Pharmacology Facts (2-7 October)

Each week we compile all the latest pharmacology facts released on our social media platforms. This is great pharmacology for students, as these facts are bite-sized, random, and often important facts that all students of medicine should commit to memory.

If you haven’t already, be sure to check out our Facebook and Twitter feeds for all the latest articles, infographics, and facts. These facts were released during the period 2-7 October.

  • Dapsone, clofazimine, and rifampicin are drugs used in combination in the treatment of leprosy. There are over 200 new cases of leprosy in the United States each year.
  • Fludrocortisone has weak glucocorticoid and strong mineralocorticoid potency – it is used in the treatment of Addison's disease, a disease caused due to adrenal insufficiency.
  • (1/3) Aldosterone is a mineralocorticoid hormone produced by the zona glomerulosa of the adrenal cortex of the adrenal gland.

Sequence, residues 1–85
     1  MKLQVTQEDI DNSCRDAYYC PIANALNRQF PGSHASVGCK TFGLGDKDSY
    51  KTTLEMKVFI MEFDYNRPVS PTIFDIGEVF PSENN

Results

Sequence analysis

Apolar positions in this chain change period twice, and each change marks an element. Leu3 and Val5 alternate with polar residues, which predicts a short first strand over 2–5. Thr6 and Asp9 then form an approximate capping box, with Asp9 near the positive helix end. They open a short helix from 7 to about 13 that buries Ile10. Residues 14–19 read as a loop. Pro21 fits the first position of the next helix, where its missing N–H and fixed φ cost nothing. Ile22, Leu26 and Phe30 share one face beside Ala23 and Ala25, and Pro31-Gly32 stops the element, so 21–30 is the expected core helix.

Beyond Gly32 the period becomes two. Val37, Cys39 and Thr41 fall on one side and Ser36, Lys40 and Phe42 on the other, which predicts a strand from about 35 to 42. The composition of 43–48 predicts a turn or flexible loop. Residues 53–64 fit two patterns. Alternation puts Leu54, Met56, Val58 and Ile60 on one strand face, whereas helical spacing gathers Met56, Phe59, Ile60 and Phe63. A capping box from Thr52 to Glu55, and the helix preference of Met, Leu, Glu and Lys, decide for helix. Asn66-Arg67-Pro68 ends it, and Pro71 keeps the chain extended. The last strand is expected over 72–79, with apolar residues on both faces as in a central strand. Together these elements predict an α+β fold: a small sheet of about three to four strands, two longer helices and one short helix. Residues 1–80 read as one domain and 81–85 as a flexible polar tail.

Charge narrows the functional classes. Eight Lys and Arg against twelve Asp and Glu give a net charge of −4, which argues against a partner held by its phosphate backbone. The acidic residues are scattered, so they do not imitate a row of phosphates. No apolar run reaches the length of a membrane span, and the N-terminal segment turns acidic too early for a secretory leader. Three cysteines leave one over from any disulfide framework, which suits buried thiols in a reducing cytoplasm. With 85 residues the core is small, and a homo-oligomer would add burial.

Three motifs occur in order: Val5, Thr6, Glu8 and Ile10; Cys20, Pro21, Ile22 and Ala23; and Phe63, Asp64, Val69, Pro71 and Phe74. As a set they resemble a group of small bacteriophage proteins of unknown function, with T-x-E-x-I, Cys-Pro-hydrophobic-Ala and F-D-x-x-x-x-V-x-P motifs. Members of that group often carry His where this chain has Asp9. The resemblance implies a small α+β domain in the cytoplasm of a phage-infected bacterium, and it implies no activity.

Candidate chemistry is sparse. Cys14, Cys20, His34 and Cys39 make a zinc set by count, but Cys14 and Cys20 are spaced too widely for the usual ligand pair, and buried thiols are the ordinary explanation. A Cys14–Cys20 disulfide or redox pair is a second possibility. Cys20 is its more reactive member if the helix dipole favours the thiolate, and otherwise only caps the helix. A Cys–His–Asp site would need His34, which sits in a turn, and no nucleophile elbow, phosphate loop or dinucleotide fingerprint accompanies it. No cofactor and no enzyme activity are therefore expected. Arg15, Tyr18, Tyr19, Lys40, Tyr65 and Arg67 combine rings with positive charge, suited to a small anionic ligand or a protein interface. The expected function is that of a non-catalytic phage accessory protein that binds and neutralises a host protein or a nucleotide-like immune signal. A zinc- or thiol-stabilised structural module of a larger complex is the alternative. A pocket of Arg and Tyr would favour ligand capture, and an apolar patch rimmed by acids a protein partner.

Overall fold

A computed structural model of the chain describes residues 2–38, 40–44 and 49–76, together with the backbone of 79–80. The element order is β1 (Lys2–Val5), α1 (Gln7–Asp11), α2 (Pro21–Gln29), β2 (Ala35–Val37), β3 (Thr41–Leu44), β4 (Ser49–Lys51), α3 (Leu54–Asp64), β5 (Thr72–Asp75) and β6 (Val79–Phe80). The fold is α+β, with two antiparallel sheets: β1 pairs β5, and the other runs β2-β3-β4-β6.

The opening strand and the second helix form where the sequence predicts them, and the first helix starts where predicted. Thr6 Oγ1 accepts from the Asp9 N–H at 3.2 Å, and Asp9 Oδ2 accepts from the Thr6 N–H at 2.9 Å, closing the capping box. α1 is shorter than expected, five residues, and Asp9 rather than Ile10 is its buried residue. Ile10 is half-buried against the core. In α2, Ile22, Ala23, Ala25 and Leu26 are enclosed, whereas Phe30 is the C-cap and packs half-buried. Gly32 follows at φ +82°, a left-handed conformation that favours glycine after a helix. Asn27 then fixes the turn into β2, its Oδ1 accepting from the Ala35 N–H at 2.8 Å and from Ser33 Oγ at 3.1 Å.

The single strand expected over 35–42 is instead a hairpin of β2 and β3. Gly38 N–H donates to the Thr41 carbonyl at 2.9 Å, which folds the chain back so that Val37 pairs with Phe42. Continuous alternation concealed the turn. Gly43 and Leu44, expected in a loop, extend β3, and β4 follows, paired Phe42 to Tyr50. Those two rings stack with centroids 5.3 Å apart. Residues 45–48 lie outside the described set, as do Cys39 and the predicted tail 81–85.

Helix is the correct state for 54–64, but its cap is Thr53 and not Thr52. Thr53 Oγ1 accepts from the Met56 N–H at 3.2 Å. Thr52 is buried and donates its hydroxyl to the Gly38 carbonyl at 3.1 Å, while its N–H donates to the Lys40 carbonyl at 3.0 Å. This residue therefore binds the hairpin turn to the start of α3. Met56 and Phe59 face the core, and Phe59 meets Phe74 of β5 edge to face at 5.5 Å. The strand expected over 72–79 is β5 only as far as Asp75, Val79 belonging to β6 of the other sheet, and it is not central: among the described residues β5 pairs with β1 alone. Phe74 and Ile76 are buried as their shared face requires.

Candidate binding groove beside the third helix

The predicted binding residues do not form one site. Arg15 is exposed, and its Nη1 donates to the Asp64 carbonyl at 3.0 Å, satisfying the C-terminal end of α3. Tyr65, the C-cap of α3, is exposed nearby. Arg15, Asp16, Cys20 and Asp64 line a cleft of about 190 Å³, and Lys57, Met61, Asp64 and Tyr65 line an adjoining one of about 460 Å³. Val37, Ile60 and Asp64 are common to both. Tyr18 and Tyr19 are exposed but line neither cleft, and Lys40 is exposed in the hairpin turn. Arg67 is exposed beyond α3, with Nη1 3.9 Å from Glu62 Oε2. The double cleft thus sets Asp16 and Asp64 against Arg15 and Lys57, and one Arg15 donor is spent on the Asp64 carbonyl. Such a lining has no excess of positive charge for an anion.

• (2/3) Aldosterone plays a role in: promoting sodium and water retention, secreting potassium ions, and it is also important for blood pressure regulation.
  • (3/3) Aldosterone antagonists include spironolactone and eplerenone. These drugs are used, for example, in the management of chronic heart failure.
  • The word 'antibacterial' comes from the Greek to mean 'against staffs/canes', because the first discovered bacteria were rod-shaped.
  • Aldesleukin (interleukin 2) is a biological therapy drug used in the treatment of kidney cancer. It is known to have a narrow therapeutic window.
  • Long-term side effects of prednisone: type 2 diabetes, truncal weight gain, osteoporosis, glaucoma, Cushing's syndrome, and depression.
  • Montelukast is a leukotriene receptor antagonist (LTRA) used in the treatment of asthma (maintenance) and seasonal allergies.
  • Tafluprost is a drug used in the treatment of open-angle glaucoma and ocular hypertension. It works as a prostaglandin analogue.
  • Physostigmine is a reversible cholinesterase inhibitor that can be used, among other things, to reverse the effects of atropine overdose.

Mnemonics and mindmaps are also another great way to commit pharmacology to memory. But if you’d like to learn more about specific drug classes, check out these more detailed articles for more information.

Check out last week's pharmacology facts here!

By | 2016-12-11T18:18:54+00:00 October 7th, 2016|Weekly Facts|0 Comments

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